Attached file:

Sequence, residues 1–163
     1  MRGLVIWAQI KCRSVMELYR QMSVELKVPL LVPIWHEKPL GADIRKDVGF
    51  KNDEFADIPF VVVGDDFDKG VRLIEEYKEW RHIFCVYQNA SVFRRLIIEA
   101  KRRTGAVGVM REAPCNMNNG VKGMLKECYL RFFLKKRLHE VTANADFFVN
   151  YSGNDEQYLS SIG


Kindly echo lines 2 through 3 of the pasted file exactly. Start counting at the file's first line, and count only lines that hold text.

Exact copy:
     1  MRGLVIWAQI KCRSVMELYR QMSVELKVPL LVPIWHEKPL GADIRKDVGF
    51  KNDEFADIPF VVVGDDFDKG VRLIEEYKEW RHIFCVYQNA SVFRRLIIEA